I'm a big music fan. And as a longtime computer enthusiast, I've always been intrigued by the intersection of computers and music: audio visualization. The first experience I had with visualization was the 1993 CD-ROM add-on for Atari's short-lived Jaguar console. It included Jeff Minter's VLM-1 (Visual Light Machine) burned into the firmware:
Atari [was] developing a CD-ROM add-on for the Jaguar, and me and Ian Bennett, one of the Inmos guys, flew out to Sunnyvale to pitch them the idea of building a VLM implementation into the CD-ROM's firmware, to be invoked whenever the user played an audio CD. I was in particularly good favour at Atari, since "Tempest 2000" had been released to a degree of critical approval, and we got the green light to develop VLM for the add-on. It took about six months to make, with me doing all the graphical stuff and Ian writing the code to sample the audio stream and generate a frequency spectrum analysis which I then used to drive the visuals.
The results were very pleasing - I have vivid memories of going into the office in Sunnyvale when we were out there finishing off the code, and finding Leonard Tramiel playing classical music through it and dancing ecstatically around my cube.
The VLM-1 was just the latest in this llama-obsessed developer's series of software experiments with audio visualization, going all the way back to 1984..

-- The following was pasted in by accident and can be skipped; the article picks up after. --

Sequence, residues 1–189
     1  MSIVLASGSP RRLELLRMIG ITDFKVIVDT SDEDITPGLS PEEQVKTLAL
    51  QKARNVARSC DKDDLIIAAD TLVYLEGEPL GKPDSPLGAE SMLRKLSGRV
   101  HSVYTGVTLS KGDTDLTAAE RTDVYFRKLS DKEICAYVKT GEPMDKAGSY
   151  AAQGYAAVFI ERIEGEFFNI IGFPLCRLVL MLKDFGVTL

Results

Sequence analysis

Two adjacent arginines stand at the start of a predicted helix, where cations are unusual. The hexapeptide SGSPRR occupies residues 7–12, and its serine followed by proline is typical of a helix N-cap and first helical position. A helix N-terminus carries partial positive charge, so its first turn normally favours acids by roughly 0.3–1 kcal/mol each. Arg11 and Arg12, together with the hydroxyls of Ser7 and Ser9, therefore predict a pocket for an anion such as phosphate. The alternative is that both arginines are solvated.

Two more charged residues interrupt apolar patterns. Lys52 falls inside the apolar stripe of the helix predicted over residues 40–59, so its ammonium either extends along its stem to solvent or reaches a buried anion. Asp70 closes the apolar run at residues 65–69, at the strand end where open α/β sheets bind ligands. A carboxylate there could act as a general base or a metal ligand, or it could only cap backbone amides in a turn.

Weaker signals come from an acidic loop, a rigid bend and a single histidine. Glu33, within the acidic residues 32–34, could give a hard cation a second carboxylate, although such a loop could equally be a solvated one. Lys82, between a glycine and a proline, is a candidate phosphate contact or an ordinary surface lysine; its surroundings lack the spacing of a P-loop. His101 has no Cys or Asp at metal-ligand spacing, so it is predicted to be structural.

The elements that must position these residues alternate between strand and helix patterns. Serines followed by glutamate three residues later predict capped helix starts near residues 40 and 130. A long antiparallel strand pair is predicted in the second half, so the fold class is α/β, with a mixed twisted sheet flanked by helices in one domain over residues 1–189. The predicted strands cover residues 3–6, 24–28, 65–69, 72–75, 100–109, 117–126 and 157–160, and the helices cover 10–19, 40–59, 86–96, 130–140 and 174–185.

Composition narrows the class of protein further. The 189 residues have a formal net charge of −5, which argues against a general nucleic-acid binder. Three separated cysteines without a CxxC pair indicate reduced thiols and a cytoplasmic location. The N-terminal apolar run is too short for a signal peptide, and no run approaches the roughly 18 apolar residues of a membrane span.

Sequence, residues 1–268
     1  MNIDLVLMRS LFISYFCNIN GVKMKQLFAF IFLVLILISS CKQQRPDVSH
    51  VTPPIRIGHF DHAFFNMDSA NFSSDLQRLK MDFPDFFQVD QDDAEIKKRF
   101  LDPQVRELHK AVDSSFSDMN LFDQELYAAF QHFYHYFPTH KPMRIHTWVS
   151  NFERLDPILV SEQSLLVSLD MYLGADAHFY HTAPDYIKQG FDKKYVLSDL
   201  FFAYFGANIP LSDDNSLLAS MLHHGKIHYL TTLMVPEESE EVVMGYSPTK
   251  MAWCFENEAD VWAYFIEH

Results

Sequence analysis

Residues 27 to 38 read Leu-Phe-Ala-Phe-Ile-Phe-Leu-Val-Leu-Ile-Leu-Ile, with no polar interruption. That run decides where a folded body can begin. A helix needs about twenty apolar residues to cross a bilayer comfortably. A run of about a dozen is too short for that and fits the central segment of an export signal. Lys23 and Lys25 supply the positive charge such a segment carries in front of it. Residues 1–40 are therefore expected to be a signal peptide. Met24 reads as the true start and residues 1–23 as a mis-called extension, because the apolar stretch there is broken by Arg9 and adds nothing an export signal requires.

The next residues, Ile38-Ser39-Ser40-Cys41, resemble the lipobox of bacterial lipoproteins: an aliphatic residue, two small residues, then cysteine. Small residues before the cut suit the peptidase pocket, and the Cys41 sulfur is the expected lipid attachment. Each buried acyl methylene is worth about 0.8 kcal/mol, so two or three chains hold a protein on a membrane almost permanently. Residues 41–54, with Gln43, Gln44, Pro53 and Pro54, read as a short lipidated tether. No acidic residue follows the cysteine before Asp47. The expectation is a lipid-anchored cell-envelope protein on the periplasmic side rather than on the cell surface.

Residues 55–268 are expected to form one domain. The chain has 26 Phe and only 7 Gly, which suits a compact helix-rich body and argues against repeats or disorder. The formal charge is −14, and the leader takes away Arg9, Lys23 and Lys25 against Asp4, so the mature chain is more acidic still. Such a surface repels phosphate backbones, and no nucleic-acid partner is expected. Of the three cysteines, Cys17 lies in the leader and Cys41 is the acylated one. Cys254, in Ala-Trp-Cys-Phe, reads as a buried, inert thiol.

|Colourspace||1985||Atari 400/800, Atari ST|
|Trip-a-tron||1987||Amiga, Atari ST|
|VLM-0||1990 (unreleased)||Inmos Transputer|
|VLM-1||1994||Atari Jaguar CD-ROM|
.. and ending with the Xbox 360. It was quite a coup for Microsoft to get Minter to write the visualization software embedded in every Xbox 360:
[Neon] finally realizes my design of a modular lightsynth on top of that awesome computational power, and inheriting the multi-user controllability from VLM-3, and the results are simply amazing. Even I am continually amazed at what it is possible to get out of it, and I designed it. It is a true light synthesiser, and easily the most beautiful thing I have ever made, by a very long way. We thought VLM-3 was good, but this makes VLM-3 look like Psychedelia. It's truly a generational increment - hence after years of long service I decided it's finally time to lose the VLM name.
It can be used purely as a visualizer - but a visualizer which instantly obsoletes all those still currently struggling along with VLM-1 techniques straight into the Stone Age. Or you can pick up the controllers and feel what it's like to fly it as a Crew. It is truly a thing of beauty... I believe it finally begins to achieve the potential that I saw all those years ago when I first made Psychedelia... and I am happier with it than I have ever been with anything I've created in my entire career.
Talking about the Neon visualization doesn't do it justice. You have to see it in action to appreciate how impressive it really is. If you have an Xbox 360, rip an audio CD and try it yourself. If you don't, Minter provides screenshots and movies.